Monday, April 28, 2014

Pieces of the Story

Christmas, some years back:

“I hope you like it,” my sister said, “even though it’s probably just a box of crap”.


Practically every time I visit my husband’s grandmother:

“Take it, honey.  It’s just crap nobody wants.”



I boldly confess that I will, indeed, take all of your crap, but only if the crap in question is a box of vintage costume jewelry.  That’s what I received in the above scenarios, and that’s what I like – old accessories with a story to them.  Granted, I don’t know the story behind every piece I’ve acquired over the years.  Much of my collection comes from garage sales, thrift stores, and a wonderful clothing swap party that my friend Marian hosts from time to time ( 

This past weekend’s swap party proved highly successful for me.  Not only did I score enough clothing to keep me out of the stores this summer, I met a wonderful woman named Monica who specializes in my favorite pastime.

Monica’s jewelry was not up for swapping, however.  She sells it on behalf of others.  Her clientele includes folks who’ve lost Grandma and would like for Grandma’s jewelry to go to a good home.  They also include people who are simply downsizing their jewelry boxes.  Old pieces.  Interesting pieces.  Pieces full of personality.  Pieces you just don’t find anymore.

I had my eye on this:


And on this:


Knowing that old costume accessories can sell for a pretty penny, I hesitantly asked her price.  I almost fell over –in a good way- when she told me.

“I’m not really looking to make money here.  I just want to find people who’ll be good to these items.  I merely need a little to cover gas to these sorts of events and such.”

I handed her the cash, and as she wrapped them lovingly and placed them in a bag, she informed me that the necklace and the bracelet were owned by the same woman.  “Her name was Laura,” Monica said, “would you like to know more about her?”

“Indeed I would!” I proclaimed as I sat down at her table.

“I actually knew Laura quite well.  She passed away a couple of months ago, and I miss her.  She was like a grandmother to me.”

“How so?”  I asked.

“We used to do tequila shots together.”

Now, I don’t know about you, dear reader, but I never did tequila shots with either of my grandmothers.  Nonetheless, Laura sounded like my kind of gal.  In addition to her affinity for tequila, Laura was also a school teacher (I was, too, and totally get her need to imbibe from time to time), she tended to favor books over people on occassion (me, too), and knew how to play the ukulele.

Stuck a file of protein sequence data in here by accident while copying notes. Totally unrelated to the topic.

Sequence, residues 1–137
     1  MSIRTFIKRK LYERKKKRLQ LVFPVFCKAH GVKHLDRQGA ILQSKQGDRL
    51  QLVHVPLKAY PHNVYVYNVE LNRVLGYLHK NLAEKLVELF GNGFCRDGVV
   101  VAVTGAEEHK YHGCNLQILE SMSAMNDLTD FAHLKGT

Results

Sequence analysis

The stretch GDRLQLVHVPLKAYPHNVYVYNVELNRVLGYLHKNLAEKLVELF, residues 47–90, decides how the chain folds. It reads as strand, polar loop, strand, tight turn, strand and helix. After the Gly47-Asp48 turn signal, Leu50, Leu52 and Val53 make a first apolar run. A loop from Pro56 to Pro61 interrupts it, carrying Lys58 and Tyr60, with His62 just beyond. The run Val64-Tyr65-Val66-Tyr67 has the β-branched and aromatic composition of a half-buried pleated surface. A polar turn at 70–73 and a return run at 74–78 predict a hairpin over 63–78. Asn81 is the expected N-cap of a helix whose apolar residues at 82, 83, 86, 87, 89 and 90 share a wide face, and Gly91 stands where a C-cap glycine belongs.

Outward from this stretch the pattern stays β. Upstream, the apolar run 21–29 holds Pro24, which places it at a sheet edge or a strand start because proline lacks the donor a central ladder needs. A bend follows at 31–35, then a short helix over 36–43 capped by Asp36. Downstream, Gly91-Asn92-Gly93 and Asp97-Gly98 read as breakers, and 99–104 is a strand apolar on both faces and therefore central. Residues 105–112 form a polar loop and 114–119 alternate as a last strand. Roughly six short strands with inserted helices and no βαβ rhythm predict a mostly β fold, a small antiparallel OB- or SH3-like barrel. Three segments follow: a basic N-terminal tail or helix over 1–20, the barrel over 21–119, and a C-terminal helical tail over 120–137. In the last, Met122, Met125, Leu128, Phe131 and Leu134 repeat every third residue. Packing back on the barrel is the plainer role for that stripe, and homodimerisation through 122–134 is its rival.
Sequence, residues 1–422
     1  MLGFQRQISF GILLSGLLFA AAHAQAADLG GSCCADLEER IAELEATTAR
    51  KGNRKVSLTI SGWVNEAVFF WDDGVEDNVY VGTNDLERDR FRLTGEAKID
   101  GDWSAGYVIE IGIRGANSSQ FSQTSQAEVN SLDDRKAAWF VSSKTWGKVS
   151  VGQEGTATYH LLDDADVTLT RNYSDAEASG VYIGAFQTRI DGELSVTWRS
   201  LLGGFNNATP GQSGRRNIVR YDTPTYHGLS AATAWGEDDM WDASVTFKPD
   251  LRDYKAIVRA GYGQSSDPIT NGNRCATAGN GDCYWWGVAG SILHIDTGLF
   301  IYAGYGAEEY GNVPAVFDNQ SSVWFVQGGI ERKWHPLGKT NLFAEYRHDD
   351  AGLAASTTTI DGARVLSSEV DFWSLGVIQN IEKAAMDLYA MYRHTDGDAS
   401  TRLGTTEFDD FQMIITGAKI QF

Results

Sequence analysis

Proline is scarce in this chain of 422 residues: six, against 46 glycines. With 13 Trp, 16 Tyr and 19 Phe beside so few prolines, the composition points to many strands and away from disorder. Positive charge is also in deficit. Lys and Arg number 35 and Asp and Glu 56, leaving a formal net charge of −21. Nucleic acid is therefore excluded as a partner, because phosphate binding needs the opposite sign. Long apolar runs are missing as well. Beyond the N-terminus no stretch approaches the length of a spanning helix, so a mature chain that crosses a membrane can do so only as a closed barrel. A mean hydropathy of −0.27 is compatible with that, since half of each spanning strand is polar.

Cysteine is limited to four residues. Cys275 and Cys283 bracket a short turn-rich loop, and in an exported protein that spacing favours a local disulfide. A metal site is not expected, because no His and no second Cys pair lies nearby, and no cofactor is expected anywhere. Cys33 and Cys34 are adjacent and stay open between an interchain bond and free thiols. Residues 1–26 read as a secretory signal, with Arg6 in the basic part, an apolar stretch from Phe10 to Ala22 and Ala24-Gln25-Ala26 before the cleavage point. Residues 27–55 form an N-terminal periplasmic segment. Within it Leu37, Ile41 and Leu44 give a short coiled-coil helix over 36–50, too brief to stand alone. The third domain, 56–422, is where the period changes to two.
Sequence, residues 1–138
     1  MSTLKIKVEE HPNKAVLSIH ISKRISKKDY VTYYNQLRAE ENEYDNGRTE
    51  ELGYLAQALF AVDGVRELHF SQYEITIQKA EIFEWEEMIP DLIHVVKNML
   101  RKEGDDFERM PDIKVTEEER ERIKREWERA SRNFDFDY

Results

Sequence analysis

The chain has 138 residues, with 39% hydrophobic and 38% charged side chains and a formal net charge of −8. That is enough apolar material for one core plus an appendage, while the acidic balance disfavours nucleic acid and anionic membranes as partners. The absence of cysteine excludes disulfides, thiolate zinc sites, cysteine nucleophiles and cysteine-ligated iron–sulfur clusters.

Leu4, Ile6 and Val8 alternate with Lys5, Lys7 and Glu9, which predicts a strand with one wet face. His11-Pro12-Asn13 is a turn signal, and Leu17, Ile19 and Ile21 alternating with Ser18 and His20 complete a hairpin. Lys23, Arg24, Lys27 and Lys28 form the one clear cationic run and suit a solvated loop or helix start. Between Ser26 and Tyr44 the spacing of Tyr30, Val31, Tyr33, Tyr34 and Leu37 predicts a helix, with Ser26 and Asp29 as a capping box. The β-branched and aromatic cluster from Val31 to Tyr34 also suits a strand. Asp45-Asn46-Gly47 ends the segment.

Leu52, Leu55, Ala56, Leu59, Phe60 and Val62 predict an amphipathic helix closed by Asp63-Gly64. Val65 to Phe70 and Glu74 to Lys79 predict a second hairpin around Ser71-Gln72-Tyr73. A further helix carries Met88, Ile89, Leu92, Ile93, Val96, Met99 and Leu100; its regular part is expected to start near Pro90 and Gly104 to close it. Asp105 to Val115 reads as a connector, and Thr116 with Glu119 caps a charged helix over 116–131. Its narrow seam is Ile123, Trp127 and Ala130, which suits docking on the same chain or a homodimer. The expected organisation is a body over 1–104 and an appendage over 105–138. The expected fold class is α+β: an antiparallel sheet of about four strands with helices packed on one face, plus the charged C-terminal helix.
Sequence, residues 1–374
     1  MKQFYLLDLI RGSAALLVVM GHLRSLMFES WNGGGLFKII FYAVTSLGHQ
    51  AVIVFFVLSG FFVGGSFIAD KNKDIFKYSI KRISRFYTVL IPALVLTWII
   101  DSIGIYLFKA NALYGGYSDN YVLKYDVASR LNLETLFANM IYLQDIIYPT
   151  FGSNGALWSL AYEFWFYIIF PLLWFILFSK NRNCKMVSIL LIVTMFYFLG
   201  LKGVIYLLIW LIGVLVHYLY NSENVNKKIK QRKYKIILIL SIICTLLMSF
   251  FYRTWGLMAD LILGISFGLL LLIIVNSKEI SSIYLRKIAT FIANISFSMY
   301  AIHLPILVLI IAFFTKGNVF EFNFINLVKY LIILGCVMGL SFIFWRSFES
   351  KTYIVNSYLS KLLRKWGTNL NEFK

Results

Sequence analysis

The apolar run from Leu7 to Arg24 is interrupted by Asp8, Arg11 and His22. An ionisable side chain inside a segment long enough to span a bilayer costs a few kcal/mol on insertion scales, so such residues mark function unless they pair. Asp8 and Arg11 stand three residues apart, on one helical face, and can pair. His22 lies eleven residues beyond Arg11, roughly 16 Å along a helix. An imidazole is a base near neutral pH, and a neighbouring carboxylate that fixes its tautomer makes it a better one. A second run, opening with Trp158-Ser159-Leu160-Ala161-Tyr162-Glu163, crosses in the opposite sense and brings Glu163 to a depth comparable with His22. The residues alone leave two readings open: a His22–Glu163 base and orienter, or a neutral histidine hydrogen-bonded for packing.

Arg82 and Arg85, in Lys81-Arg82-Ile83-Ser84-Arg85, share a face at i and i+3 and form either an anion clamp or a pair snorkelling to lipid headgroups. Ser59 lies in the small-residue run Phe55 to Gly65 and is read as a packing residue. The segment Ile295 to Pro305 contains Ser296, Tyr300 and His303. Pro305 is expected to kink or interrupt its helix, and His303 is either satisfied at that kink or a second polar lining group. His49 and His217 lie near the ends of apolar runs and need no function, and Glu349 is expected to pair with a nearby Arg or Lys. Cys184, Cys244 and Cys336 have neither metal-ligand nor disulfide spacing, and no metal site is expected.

“You’re kidding!”  I cried, “I’m learning to play the ukulele!”

“I think Laura had a hand in you finding her things,” smiled Monica.

I agreed and took my leave of her, Laura’s jewelry secured in my purse. 

That evening, as I put the pieces away in my jewelry box, I took a good look at what I’ve got.  Someday, when I’m too old to fasten a necklace or simply too worn out to care, I’m going to start passing this stuff along.  Many of those on the receiving end may view it as crap, but hopefully others will fancy it, particularly if they know the story that will go along with it.


Sunday, April 20, 2014

Between God and Me

Although I acquired a snazzy new outfit, I didn’t go to church this Easter morning.  I recognize it’s no different from any other Sunday, really, but when a holiday rolls around I do like to put in an appearance –whether I have a new outfit or not.

But not today.

You see, God and I aren’t on the best of terms at the moment.

Now, before you raise an eyebrow, call the prayer chain, or (if you happen to be my dear mother) collapse into a fit of vapors, let me explain a couple of things.  First of all, my definition of God may differ from yours, and I appreciate you for respecting it.  In spite of what I do and say, I take my spiritual beliefs seriously.  Secondly, because my views on The Almighty are hard to explain, I shall refer to those views as ‘God’ or ‘He’.  Finally, I’d venture to guess that many of us have questioned our beliefs at some point in our lives.  If you haven’t, you’re either lying or are a much better person than I.